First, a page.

This is a randomised, observer-blind, placebo-controlled clinical trial intended for women in the third trimester of pregnancy.

This study complies with European Regulation (EU) No. 536/2014 of the European Parliament and of the Council, of April 16, 2014, on clinical trials of medicinal products for human use and has been approved by an Ethics Committee specialised in this field.



Independent review body that studies and approves/disapproves biomedical research in humans.

An approval from the Ethics Committee is required for each clinical study protocol and main researcher before the start of the study.


This is the process by which treatments are assigned to participants by chance rather than by choice, like heads or tails. 

Randomisation is done to avoid any bias (inequality) in the assignment of volunteers receiving one kind of treatment or another.


This is a way to ensure that people involved in a research study, such as participants in clinical trials, do not know which trial group they have been assigned to.

For example, in a trial with a treatment group and a placebo group, “observer-blinding” means that participants do not know if they are actually receiving the treatment or merely a placebo.Ours is an observer-blind study. This means that neither the participant, nor the research team (including the medical staff) will know which group you are in.


This is an injection that looks like the new vaccine but has no therapeutic effect or active ingredients. Although it does not act directly through body mechanisms, placebo can have a positive or negative effect on the person through the mind.

Placebo and nocebo effects result from the belief of having received the actual drug or vaccine, even though they have not.

The term “placebo-effect” refers to the positive consequences of administering a placebo. Those effects result from the belief that the drug can cure certain diseases.

When those outcomes are negative, they are called nocebo-effect. The nocebo-effects are typically linked to the patient’s previous experiences or expectations of having a negative side effect.

Comparing a new product with a placebo is probably the fastest and most reliable way to show the effectiveness of the new product.


This is a biological product that improves immunity against a particular disease.

Spain, the United Kingdom and Romania are the countries in which we will conduct this study.

The trial will include 636 women in the third month of pregnancy.

Ages are from 18 to 40 years.

Pregnancy should neither be multiple nor high-risk.


The vaccine against RSV



In the assay, there will be two groups of participants

You may either be in the experimental group or the control group. This will depend on a computer calculation, like heads or tails.

The experimental group will receive the study vaccine and the control group will receive the placebo.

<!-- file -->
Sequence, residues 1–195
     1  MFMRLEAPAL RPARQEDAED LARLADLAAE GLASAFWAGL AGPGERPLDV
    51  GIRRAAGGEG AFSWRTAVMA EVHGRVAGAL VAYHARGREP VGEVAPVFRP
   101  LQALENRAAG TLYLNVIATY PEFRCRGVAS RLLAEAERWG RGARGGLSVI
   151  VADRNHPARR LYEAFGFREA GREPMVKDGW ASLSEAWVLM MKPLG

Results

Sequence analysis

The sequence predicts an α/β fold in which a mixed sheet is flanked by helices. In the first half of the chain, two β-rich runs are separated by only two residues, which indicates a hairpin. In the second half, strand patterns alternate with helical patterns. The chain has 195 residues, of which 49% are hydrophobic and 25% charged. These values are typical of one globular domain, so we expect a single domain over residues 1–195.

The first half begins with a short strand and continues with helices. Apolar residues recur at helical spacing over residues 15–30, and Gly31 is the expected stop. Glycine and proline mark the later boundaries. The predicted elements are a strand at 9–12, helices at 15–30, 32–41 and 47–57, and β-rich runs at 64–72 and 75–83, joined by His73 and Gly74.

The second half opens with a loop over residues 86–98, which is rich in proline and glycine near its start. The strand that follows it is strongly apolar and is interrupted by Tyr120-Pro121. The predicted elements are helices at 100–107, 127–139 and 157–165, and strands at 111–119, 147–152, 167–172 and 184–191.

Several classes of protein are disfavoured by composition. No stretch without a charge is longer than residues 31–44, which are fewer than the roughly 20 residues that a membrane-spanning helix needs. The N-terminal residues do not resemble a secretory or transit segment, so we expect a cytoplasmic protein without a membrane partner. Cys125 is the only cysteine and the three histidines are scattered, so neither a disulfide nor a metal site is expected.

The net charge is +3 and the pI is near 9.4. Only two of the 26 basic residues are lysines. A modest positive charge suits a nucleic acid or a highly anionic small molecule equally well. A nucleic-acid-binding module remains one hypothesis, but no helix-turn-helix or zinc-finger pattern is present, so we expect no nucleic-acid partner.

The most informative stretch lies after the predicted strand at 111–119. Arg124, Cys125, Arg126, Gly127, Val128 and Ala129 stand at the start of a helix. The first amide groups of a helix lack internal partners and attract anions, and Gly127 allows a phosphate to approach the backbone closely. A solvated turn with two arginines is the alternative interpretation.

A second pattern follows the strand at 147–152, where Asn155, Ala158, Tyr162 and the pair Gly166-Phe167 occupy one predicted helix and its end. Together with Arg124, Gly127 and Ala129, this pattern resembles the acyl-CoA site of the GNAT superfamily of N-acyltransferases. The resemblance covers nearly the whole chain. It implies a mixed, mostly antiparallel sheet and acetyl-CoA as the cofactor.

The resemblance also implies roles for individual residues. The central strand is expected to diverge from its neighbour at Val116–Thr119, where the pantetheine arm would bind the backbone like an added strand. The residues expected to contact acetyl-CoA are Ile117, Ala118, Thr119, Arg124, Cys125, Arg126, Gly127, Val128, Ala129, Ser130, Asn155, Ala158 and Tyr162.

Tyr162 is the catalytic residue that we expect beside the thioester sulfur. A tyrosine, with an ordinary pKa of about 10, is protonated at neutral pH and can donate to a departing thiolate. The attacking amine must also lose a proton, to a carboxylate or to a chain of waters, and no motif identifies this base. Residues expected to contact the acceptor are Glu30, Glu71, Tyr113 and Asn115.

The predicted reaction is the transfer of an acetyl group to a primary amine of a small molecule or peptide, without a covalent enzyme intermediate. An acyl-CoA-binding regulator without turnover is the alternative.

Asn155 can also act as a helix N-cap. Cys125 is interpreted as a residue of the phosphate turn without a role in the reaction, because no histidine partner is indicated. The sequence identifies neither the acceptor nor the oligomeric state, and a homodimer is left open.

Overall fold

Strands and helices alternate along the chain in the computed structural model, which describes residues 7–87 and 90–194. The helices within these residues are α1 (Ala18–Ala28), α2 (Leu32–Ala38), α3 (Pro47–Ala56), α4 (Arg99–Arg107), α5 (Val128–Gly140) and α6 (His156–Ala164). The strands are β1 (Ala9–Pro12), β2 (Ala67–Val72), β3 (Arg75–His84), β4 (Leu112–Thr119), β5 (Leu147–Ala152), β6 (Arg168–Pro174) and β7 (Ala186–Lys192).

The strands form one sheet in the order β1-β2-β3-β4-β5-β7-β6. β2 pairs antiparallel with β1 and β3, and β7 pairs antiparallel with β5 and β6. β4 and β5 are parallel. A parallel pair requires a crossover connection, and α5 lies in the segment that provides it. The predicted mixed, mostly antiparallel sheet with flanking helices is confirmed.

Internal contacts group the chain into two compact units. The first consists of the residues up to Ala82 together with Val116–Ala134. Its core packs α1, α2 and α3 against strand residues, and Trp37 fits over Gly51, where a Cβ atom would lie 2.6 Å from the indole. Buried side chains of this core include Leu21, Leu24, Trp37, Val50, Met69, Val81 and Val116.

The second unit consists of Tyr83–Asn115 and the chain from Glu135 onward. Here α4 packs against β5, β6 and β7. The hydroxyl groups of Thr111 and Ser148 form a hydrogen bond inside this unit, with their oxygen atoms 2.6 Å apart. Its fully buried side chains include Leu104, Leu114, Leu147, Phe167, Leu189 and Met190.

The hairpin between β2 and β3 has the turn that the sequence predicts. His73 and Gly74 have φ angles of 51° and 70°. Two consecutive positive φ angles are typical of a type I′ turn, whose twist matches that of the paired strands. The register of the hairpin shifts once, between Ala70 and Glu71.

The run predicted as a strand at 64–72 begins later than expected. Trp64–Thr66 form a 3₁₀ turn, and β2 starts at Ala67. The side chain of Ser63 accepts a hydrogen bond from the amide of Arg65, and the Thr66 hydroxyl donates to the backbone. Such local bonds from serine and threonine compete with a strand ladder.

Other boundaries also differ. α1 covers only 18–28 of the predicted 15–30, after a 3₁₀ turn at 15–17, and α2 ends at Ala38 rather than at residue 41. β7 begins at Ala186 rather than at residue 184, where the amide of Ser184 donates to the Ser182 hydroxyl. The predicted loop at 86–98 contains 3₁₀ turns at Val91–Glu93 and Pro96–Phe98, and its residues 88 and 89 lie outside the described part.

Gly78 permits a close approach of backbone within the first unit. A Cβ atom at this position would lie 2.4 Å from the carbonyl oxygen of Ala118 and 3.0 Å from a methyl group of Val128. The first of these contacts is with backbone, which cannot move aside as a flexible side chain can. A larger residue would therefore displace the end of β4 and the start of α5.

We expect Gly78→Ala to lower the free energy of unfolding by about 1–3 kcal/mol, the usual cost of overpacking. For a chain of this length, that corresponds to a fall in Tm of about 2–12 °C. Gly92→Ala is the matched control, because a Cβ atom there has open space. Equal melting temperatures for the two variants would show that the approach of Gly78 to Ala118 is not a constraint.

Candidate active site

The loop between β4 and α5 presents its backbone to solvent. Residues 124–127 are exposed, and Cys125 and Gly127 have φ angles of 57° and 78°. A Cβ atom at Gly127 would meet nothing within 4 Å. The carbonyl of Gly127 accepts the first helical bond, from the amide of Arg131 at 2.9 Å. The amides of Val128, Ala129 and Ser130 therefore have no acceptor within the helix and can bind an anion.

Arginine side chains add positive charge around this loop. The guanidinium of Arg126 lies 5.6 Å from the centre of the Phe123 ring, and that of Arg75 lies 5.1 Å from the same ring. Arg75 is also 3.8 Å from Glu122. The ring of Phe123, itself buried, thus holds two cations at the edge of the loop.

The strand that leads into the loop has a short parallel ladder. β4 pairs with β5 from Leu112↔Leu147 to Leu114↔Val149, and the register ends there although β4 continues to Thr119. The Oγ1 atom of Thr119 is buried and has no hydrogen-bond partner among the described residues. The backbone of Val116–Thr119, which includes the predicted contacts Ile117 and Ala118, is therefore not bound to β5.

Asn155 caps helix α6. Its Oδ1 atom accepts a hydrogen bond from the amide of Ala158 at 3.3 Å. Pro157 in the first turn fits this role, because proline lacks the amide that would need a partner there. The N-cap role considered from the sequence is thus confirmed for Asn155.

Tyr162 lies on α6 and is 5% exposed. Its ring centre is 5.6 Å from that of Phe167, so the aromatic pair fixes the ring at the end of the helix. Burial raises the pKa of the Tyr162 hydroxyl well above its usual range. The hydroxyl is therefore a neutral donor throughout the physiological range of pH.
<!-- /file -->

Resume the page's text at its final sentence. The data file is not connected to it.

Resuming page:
But don’t worry, in the event of an emergency, the doctor in charge will be able to know.


Step 1


Once you accept, we will ask for your informed consent. The nurse will give you your first injection in your arm muscle. This shot may be the study vaccine or the placebo, depending on the group you have been assigned to. This will happen on day 0.

Step 2


Here, we will conduct a follow-up for the complete term of your pregnancy. On day 7 and in month 9 of pregnancy.

Step 3


After delivery, you will be asked to give us your consent again so we can carry out follow-ups on both you and your baby.

Step 4


If you give us your informed consent, we will do follow-ups on you and your baby for 1 year after delivery. This will happen in month 3, 6 and 12.

How will this study affect my lifestyle?

While taking part in this study, you’ll have to come to your health centre on the scheduled dates so we can run some tests.

We also want you to inform us of any changes you may observe in your health status.

We would also like you to watch out for our phone calls and make yourself available if we have to contact you for any reason.

Your participation in the study requires a little time and dedication, but we’ll try to make it compatible with your work, studies and/or family life.


Here is a summary of the visits you will have.


The nurse gives you a vaccine during the last few months of your pregnancy.

That same day, the nurse takes a 20 ml blood sample.


One week later, you come back to your doctor so we can check that you are well. The nurse takes another blood sample.


In the ninth month of pregnancy, we meet up again. Our doctor checks that you are well, and the nurse takes another blood sample


3 months after delivery, you return with your baby for a check-up and the nurse takes a blood sample from your baby, maximum only 2 ml.